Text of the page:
The FDA may feel pressure to authorize Treatment INDs covering a large number of patients to facilitate access to investigational drugs. However, this could have significant implications for the pharmaceutical, biologic, and medical device industries, as well as patients.


At a White House Coronavirus Task Force press conference on March 19, FDA Commissioner Dr. Stephen Hahn noted that individual expanded access requests for use of remdesivir in seriously ill patients were available, citing the FDA’s rapid turnaround ability on these requests. The US Army Medical Research and Development Command has already been approved for expanded access use of remdesivir for Department of Defense-affiliated personnel, setting precedent for additional intermediate populations or widespread treatment approval. Although remdesivir is currently in Phase 1 clinical trials for COVID-19, the FDA has stated that about 250 patients have received the drug for treatment of the disease through expanded access.


According to a statement from the agency, “the data collected from the expanded access program may contribute to the agency’s understanding of the drug.”

However, the FDA has still indicated the need for controlled clinical trials to collect robust data. The data collected through Expanded Access is not as robust or comprehensive as data collected through a controlled clinical trial, as it promotes access at the expense of controlling for certain variables.


Typically, the EA pathway for any population size does not provide legal protection (note: the Right to Try Act does) to the sponsor; however, the Public Readiness and Emergency Preparedness (PREP) Act does afford these protections to certain products when a declaration of emergency use has been made. HHS issued this declaration on March 12, 2020, creating a strong incentive for companies to develop drugs, biologics and devices for COVID-19 as Covered Countermeasures by immunizing sponsors from liability and creating an injury fund for any potential claims.



What’s Next

The coming weeks are likely to see significant action from manufacturers and the FDA as the life sciences industry continues its breakneck pace in trying to identify treatments for the novel coronavirus. Under mounting pressure from the White House and the American public, the FDA is expected to give significant regulatory flexibility to manufacturers with products that could treat, prevent or cure COVID-19.


Moderna’s SARS-CoV-2 vaccine candidate, created in partnership with the National Institutes of Health, is an mRNA-based vaccine that has moved on to Phase 1 trials. It is currently eligible for expanded access, as are a number of other investigational therapies that AgencyIQ is tracking.


Vaccines are generally not good candidates for Right to Try or Expanded Access, however, given the legislative criteria that an eligible person be out of available options and have serious health issues. A vaccine is generally intended to avoid the onset of side effects, not treat patients once they have a disease.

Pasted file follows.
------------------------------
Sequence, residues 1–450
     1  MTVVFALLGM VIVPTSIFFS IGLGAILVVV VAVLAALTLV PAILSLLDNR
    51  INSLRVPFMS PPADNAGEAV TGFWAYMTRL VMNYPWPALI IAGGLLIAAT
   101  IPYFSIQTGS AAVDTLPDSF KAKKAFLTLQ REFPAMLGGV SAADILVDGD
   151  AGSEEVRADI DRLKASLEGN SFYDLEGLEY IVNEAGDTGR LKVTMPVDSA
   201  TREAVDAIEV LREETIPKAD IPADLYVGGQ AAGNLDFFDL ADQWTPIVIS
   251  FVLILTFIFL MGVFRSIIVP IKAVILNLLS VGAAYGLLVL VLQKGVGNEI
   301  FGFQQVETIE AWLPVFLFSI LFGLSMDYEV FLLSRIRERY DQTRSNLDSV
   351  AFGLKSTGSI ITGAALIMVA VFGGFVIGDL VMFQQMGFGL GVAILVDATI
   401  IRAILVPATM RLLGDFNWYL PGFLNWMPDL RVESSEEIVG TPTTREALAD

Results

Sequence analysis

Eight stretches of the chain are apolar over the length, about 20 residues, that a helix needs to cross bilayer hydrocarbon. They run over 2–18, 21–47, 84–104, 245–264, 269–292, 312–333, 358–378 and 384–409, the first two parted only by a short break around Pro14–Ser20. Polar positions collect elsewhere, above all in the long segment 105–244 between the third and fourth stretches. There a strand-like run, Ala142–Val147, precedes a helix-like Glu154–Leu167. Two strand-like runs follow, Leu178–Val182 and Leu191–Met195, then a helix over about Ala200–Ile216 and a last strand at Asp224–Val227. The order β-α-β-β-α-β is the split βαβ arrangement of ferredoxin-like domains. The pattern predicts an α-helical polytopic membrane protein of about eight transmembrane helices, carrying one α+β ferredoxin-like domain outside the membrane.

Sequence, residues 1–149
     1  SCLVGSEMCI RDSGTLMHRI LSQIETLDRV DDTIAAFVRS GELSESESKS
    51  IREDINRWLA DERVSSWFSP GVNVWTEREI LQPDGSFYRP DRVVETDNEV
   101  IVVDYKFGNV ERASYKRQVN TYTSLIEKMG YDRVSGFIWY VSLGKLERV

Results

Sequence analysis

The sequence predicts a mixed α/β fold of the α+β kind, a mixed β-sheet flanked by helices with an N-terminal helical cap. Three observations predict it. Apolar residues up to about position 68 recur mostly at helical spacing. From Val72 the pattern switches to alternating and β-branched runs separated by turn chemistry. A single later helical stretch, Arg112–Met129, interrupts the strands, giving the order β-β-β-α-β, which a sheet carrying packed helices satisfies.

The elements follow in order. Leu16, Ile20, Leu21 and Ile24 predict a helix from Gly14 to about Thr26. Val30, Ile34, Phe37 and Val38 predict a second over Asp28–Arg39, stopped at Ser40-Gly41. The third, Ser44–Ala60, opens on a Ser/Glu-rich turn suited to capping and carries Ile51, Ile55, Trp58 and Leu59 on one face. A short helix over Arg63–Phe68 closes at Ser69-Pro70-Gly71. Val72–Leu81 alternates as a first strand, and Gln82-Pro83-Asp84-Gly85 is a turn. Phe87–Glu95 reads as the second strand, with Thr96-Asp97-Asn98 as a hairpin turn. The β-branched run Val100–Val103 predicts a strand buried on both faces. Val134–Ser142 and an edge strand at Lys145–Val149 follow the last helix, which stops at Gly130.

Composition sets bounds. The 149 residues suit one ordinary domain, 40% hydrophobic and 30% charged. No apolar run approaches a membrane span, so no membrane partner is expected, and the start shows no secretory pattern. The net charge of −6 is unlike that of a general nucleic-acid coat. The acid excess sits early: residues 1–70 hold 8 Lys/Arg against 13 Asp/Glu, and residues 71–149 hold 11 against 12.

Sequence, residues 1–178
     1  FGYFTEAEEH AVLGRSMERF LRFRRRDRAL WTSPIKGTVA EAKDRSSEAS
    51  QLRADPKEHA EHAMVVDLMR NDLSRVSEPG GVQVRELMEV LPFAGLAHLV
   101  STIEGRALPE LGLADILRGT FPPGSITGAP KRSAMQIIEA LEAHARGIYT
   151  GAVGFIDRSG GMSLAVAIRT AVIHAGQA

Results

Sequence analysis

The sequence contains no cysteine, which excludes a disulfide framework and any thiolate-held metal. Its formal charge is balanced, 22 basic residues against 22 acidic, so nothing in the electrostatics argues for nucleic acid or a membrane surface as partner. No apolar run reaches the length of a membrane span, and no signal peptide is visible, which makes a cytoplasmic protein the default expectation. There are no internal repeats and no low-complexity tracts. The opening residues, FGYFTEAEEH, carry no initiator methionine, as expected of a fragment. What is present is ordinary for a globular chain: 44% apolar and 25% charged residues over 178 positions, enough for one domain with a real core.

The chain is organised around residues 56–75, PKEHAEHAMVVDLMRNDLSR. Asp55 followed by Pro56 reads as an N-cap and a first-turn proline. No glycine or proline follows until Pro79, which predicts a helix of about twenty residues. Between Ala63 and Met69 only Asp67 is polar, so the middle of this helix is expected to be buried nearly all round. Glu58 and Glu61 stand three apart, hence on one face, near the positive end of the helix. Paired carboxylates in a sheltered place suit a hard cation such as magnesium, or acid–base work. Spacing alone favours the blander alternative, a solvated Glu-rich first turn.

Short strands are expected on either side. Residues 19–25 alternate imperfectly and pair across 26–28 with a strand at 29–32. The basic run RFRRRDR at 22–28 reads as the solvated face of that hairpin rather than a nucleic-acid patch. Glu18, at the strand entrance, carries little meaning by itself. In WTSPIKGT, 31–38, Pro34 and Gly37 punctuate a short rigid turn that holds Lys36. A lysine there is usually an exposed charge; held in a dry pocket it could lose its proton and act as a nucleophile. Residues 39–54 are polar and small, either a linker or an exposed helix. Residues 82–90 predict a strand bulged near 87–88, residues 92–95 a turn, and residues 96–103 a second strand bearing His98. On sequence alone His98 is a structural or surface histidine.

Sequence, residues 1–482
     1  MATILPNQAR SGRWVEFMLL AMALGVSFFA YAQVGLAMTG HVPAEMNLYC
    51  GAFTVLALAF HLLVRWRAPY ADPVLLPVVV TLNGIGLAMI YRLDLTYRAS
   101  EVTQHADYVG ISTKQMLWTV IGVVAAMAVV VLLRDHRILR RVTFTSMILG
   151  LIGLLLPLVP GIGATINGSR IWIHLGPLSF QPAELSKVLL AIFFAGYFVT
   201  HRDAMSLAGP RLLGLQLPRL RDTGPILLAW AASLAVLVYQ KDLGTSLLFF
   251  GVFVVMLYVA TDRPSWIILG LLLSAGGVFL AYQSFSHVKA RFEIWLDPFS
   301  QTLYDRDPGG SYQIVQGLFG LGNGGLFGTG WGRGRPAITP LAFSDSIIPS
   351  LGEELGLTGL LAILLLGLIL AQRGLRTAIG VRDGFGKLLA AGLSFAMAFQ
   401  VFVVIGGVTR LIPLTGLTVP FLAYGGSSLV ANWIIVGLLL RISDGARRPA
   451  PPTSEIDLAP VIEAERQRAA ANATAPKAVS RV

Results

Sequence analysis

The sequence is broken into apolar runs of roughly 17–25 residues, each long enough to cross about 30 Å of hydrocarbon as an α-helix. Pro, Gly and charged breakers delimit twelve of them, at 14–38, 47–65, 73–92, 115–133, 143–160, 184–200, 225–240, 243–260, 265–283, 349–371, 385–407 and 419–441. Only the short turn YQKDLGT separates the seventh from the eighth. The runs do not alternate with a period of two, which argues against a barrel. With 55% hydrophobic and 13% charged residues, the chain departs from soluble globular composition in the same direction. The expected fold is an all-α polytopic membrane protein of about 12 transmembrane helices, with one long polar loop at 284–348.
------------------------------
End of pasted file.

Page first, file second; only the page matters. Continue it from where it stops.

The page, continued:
The Executive Branch is working aggressively to marshal every possible federal resource to expedite efficiency in the production and delivery of drugs and devices.

One immediate step drug companies should take to prepare for increased interest in Expanded Access is to publish their Expanded Access policy online, which is required under the FDA Reauthorization Act of 2017. Interest in those policies is likely to be extraordinarily high.


Companies will also have to contend with their ability to manufacture products in sufficient quantity to satisfy the needs of both their clinical trials and interest by patients seeking expanded access. Most drug production during clinical phases involves small-scale production at laboratory facilities—not large-scale production by factories. Companies may not be able to increase production in time even if they wanted to do so.


They should also consider the potential public relations aspects of Expanded Access. The company Chimeric was pilloried in the media several years ago for not granting expanded access to its experimental drug to a young boy, Josh Hardy. The company’s executive eventually resigned, and the boy received the drug. Companies may be under greatly amplified public pressure to obtain access to their drugs, and regulatory affairs staff may be placed in the crosshairs of unsympathetic patients, legislators and media.


Final FDA approval of any medical substance is unlikely to occur soon. Many vaccines and therapeutics will not begin clinical testing until the summer at earliest, and the FDA has stated that it remains committed to ensuring any treatments are backed by evidence before obtaining full approval.


However, there are many steps the FDA can take to advance product availability short of full approval, including Expanded Access and Emergency Use Authorization. Expect the FDA to leverage those flexibilities to full effect.


To contact the author of this analysis, please email Aaron Badida ( 
To contact the editor of this analysis, please email Alec Gaffney (



Key Documents and Dates